Any totalizing theory makes me inherently suspicious. What might it miss, or distort? For one thing, it ascribes all developments in Africa as in some sense responsive/reactive to stimuli from the exterior. Bayart would take issue with describing an "interior" and "exterior" to Africa, because he sees the continent as constituted by sets of relationships whose parties cannot be isolated for the sake of analysis. Point taken. But extraversion remains a reaction, whether within the continent or beyond.

Extraversion also misses the unpredictable processes of governance and collaboration that one finds on the ground. (Foucault termed systems of governance techniques "governmentality," but in an attempt to minimize jargon on this site, I'll stick to dictionary-available approximations of this term.) Thomas Bierschenk and Jean-Pierre Olivier de Sardan provide a telling example in their article "Local Powers and a Distant State in Rural Central African Republic" (1997). They describe the differences between two types of Groupement d'intérêt rural (GIR, rural solidarity groups). In the associations, membership may be required (as is the case for cotton producers). The cotton producers' association is the real village treasury (the village chief gets nothing from the central state), able to raise substantial sums, thanks to inputs from members. Recognizing the importance of these associations to village life, aid donors began creating and subsidizing additional associations with organizing aims such as pig-raising or small business support. The donors bring with them large sums of money and seem to require nothing in return. Except in the case of a pig-raising project that trained a particular set of already resource-strong individuals, the outputs of these projects are next to nil. The few successful projects became sites of development tourism, with officials from Bangui and Washington (including the president of CAR) making visits, which rapidly inspired copy-cats eager to get in on the action, who used the all the trendy buzzwords like "participatory" and "community-based" to woo funds their way. In a word, these copycats are engaging in extraversion, and next to nothing remains in the village to show for it besides the installation and maintenance of a "subsidy-based mentality." The extraversion lens does not make visible the non-aid funded associations, however, which seem to be the real locus of political struggle in the village. They are there not just during the aid donors' pop-in assessment visits but all the rest of the time as well.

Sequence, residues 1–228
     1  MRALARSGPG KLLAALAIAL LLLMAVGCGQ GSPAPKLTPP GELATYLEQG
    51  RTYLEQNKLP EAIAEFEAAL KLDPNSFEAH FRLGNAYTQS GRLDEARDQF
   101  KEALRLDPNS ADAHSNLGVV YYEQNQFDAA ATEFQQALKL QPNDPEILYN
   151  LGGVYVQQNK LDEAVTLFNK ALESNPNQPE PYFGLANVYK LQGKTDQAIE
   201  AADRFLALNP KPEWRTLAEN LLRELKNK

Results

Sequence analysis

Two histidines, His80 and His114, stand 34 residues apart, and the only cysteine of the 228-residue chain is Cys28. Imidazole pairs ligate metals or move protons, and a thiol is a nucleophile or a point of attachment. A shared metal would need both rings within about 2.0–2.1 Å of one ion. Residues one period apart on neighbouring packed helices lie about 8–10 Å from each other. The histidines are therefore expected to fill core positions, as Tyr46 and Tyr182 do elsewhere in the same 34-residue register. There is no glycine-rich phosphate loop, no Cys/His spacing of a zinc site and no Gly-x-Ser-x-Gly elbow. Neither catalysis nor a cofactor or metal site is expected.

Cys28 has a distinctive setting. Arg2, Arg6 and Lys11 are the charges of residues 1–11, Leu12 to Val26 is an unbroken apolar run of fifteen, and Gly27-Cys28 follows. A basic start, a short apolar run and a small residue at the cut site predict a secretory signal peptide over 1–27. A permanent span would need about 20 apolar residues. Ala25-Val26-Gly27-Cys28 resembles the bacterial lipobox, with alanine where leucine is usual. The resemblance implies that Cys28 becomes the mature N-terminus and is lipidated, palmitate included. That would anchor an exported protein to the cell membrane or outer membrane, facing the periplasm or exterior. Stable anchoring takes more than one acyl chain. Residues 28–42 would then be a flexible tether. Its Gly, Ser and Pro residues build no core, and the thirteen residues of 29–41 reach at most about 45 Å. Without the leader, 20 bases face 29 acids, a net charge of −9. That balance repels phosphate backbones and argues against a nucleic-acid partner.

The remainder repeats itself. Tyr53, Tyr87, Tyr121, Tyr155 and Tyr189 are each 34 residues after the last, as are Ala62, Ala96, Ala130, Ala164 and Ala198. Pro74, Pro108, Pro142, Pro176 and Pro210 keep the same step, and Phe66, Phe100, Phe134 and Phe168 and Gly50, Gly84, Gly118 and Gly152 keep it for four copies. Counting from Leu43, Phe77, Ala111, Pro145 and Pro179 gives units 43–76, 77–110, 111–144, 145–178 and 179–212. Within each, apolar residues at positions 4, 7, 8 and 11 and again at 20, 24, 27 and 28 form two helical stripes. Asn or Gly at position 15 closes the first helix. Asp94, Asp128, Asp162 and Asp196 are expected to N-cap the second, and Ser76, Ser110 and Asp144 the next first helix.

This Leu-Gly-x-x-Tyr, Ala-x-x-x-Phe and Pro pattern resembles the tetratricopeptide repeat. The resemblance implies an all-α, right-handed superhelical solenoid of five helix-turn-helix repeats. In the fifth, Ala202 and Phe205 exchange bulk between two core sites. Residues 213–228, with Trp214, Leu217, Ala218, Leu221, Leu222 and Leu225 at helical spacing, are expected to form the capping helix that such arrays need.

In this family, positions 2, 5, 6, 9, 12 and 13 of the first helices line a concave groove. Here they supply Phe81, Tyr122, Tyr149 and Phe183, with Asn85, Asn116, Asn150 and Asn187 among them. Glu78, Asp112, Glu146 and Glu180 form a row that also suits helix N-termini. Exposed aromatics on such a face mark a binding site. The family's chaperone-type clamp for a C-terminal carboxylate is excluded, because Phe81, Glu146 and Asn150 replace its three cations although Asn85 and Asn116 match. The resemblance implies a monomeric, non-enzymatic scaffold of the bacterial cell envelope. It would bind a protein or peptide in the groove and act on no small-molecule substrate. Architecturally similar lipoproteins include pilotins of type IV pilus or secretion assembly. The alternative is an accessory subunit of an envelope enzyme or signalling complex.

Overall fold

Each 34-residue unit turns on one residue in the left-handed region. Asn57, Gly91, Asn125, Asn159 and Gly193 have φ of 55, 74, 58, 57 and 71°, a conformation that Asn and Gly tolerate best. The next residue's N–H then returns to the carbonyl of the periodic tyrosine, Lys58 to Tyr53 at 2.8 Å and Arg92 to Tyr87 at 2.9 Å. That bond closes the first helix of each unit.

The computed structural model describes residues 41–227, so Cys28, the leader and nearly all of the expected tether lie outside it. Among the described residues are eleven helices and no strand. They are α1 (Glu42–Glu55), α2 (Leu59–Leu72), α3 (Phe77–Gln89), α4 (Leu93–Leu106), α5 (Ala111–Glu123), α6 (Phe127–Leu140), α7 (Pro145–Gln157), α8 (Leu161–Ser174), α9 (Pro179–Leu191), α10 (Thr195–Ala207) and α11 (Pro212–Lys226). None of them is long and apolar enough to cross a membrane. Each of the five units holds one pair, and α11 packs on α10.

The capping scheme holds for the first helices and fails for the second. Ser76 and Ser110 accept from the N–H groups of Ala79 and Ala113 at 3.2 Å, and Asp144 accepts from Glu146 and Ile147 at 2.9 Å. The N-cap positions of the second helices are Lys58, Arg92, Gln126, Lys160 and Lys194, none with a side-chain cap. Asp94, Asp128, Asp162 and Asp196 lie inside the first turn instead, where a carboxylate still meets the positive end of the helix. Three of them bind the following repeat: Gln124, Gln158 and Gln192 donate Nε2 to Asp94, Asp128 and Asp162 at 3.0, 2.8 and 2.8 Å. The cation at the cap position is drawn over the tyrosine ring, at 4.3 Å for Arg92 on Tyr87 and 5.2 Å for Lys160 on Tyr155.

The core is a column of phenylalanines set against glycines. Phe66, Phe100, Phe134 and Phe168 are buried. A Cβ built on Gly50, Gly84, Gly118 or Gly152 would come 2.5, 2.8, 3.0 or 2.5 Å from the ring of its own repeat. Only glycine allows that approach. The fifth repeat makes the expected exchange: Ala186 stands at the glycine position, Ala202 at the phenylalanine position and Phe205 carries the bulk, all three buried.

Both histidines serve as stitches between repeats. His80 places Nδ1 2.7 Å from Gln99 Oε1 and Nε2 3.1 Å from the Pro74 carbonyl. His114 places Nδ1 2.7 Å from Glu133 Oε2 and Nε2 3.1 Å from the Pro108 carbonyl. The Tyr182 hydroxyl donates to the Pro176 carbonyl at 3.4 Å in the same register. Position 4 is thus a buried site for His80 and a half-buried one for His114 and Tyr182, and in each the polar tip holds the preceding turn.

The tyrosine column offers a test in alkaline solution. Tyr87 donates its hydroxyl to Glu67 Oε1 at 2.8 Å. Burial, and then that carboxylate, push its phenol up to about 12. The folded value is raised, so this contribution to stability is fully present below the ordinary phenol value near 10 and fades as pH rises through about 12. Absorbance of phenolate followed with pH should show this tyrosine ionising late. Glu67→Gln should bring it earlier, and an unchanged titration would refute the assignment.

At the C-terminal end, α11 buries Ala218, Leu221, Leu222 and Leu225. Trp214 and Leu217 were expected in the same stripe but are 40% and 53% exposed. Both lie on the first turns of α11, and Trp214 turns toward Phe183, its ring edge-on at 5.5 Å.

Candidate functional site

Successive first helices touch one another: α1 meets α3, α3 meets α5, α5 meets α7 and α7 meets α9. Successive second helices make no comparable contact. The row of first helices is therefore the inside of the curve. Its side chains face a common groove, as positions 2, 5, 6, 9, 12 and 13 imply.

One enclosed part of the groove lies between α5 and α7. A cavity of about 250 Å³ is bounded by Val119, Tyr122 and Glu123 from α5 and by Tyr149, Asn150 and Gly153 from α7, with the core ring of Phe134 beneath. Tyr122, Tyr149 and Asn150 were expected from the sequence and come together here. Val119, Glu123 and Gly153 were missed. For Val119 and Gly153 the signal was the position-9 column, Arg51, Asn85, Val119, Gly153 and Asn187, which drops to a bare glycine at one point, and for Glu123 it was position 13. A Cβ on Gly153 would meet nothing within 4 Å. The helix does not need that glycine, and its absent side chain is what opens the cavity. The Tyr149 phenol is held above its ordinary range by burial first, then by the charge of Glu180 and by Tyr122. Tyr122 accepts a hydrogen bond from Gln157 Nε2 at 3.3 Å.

A full discussion of the drawbacks of aid is beyond the scope of this post. Because the roles and effects of international agencies are one of my interests, Bayart's theory of extraversion will in all likellihood be an important element of my analysis. But I hope that by drawing attention to the governance effects that accompany strategies of militarized extraversion in particular locales I might also reveal more about the ethics and political structures that organize people's daily lives.